Question:

This is probably going to sound like a very strange question, but is it a sin to kill bugs? Normally I try to save all the bugs that I can, even the spiders, and transport them outside so they'll be nice and safe and happy. My parents laugh at me because I try so hard to save all the little bugs. But tonight, there was this bug in my room. I thought it was a huge spider, but it turned out to be a giant cricket! It could jump over a span of about two feet long.He was very scary, and I tried to kill it, but it jumped away. I was afraid that if I fell asleep with it in my room, he would crawl into my mouth while I was sleeping. So I waited for it to come out again, and then I killed it. But now I feel bad about killing it. Is it bad that I killed it?

Answer:

Bugs do serve useful purposes in this world, but God also designed them to be prolific so that they become food for animals and so that the species survives even though many are killed accidentally. As useful as they are in the world, they can be annoying when they are in the wrong place. That is why God used insects and small animals to annoy the Egyptians.

  • "But if you refuse to let them go, behold, I will smite all your territory with frogs. So the river shall bring forth frogs abundantly, which shall go up and come into your house, into your bedroom, on your bed, into the houses of your servants, on your people, into your ovens, and into your kneading bowls. And the frogs shall come up on you, on your people, and on all your servants" (Exodus 8:2-4).
  • "So the LORD said to Moses, "Say to Aaron, 'Stretch out your rod, and strike the dust of the land, so that it may become lice throughout all the land of Egypt.'" And they did so. For Aaron stretched out his hand with his rod and struck the dust of the earth, and it became lice on man and beast. All the dust of the land became lice throughout all the land of Egypt" (Exodus 8:16-17).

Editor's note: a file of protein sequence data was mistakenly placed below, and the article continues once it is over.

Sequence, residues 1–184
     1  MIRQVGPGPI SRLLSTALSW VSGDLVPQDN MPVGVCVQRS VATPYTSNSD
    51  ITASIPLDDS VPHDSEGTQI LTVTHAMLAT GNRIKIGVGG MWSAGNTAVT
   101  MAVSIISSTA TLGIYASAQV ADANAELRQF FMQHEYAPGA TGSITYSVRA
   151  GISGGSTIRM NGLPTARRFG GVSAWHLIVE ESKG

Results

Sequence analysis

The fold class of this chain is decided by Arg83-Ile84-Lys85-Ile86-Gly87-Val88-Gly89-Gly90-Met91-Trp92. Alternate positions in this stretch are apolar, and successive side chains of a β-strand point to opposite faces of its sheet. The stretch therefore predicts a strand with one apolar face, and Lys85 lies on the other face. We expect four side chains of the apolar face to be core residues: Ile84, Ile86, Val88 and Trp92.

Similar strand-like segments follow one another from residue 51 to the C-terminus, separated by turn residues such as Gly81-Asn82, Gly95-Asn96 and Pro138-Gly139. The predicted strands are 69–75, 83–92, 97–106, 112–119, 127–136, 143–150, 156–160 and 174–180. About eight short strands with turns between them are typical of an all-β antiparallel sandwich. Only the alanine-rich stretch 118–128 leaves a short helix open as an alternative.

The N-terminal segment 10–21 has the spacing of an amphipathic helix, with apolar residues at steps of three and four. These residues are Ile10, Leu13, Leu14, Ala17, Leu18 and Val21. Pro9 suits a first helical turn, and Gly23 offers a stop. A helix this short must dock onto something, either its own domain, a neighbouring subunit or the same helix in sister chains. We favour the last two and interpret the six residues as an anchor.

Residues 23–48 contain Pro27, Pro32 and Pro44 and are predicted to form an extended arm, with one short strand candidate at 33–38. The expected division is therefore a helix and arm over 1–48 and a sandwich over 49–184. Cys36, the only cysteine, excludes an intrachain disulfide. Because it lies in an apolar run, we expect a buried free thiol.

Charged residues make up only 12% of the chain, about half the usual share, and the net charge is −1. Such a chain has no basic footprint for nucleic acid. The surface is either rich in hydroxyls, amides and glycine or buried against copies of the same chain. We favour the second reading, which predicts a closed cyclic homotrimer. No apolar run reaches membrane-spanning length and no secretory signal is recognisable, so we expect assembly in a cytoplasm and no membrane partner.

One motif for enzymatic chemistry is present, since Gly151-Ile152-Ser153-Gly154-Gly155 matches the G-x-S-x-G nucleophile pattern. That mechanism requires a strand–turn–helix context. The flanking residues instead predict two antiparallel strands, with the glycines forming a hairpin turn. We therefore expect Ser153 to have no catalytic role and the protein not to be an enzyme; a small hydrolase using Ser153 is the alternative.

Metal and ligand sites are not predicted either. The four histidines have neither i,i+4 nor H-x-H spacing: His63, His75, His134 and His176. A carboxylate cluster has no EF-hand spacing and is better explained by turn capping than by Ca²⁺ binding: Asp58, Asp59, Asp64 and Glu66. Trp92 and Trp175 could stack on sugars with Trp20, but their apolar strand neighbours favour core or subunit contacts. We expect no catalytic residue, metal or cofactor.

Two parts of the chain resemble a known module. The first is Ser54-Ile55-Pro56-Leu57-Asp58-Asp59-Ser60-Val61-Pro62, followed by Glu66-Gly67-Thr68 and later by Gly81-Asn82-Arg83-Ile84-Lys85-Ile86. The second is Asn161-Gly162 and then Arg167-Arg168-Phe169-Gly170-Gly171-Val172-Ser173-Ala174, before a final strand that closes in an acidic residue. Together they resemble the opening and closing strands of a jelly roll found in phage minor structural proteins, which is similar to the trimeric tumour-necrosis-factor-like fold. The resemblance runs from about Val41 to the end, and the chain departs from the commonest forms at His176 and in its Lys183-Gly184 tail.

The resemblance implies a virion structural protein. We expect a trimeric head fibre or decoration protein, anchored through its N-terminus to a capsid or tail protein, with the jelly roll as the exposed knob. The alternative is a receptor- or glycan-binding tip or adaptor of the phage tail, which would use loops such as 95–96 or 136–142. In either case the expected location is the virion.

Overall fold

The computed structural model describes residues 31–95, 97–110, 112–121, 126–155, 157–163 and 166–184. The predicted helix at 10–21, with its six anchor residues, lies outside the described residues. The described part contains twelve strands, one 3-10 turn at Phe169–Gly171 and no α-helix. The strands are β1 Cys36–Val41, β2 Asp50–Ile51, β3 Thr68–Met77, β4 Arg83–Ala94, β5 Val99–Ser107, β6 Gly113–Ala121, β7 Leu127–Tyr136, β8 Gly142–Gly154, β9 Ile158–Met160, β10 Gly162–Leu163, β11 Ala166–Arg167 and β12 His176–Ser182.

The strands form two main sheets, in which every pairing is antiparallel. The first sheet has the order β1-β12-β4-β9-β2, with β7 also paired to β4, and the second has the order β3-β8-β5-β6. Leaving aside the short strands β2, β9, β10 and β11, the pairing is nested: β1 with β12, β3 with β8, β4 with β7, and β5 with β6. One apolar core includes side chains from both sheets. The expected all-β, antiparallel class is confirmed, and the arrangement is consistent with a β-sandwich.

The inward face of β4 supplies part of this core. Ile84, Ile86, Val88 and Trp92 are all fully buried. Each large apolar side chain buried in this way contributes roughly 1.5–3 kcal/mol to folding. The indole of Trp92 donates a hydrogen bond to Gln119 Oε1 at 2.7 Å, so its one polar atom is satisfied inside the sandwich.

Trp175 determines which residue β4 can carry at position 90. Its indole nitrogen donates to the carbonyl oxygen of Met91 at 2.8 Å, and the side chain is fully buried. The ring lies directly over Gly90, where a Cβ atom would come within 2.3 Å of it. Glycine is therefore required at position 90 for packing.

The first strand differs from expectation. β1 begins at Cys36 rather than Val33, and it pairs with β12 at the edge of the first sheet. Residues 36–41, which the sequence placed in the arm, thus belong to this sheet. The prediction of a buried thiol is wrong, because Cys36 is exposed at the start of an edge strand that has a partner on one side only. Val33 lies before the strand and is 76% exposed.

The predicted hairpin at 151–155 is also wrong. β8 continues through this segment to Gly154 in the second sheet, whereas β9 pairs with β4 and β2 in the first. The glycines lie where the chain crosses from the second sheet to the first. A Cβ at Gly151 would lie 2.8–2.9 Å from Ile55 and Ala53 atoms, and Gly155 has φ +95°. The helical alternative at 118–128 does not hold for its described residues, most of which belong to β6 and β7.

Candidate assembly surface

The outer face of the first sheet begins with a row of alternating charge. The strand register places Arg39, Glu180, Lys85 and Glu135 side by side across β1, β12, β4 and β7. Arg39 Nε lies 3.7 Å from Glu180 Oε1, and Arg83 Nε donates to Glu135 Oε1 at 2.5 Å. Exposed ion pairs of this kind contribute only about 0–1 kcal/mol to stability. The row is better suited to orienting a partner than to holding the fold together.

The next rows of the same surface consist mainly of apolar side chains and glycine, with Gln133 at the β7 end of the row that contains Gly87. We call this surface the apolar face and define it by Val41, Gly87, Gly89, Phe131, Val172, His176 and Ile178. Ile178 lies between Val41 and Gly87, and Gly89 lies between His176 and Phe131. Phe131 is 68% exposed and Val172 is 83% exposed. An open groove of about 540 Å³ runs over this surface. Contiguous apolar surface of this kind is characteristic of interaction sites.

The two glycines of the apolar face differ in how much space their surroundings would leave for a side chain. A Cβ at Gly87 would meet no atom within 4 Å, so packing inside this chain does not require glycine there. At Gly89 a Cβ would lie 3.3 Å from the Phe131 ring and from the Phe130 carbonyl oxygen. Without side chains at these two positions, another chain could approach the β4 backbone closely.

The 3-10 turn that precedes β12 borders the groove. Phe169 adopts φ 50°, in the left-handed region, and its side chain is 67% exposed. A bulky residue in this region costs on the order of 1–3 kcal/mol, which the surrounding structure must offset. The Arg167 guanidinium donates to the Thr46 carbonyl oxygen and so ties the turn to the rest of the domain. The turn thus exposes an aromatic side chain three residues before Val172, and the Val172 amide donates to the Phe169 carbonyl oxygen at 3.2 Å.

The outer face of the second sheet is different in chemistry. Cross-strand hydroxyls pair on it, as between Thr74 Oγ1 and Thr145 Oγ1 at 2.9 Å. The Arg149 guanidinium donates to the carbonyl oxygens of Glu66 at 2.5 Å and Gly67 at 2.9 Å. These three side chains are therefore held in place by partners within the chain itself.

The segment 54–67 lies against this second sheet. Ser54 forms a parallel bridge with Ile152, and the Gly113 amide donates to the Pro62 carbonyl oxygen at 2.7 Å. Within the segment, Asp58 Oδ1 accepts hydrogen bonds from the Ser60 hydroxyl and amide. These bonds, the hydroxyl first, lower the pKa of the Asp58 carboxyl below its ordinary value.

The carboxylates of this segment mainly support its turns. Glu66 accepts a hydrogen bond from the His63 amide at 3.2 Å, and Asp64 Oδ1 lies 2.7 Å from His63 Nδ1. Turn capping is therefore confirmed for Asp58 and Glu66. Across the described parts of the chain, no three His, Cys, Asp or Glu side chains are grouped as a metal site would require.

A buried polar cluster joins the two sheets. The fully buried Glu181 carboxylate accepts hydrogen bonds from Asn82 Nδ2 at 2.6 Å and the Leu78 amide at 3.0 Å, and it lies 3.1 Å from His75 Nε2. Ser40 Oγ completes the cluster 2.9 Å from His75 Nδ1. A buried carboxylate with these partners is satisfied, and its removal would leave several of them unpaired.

• "Or else, if you will not let My people go, behold, I will send swarms of flies on you and your servants, on your people and into your houses. The houses of the Egyptians shall be full of swarms of flies, and also the ground on which they stand" (Exodus 8:21).
  • "So Moses stretched out his rod over the land of Egypt, and the LORD brought an east wind on the land all that day and all that night. When it was morning, the east wind brought the locusts. And the locusts went up over all the land of Egypt and rested on all the territory of Egypt. They were very severe; previously there had been no such locusts as they, nor shall there be such after them. For they covered the face of the whole earth, so that the land was darkened; and they ate every herb of the land and all the fruit of the trees which the hail had left. So there remained nothing green on the trees or on the plants of the field throughout all the land of Egypt" (Exodus 10:13-15).

Yet when God was done with annoying the Egyptians, He killed off the excess critters (Exodus 8:13-14; 10:19). God does no wrong, so there can be appropriate times to eliminate creatures that become a problem.

Man was given dominion over God's world (Genesis 1:28). A part of that responsibility is to see that a balance is maintained in nature. Over population by any one creature can cause problems for the creatures as well as others.

A house is not an environment for bugs to live in. It is nice that you try to remove unwanted pests from your house, but there certainly isn't anything wrong with killing a few that are not so easily removed.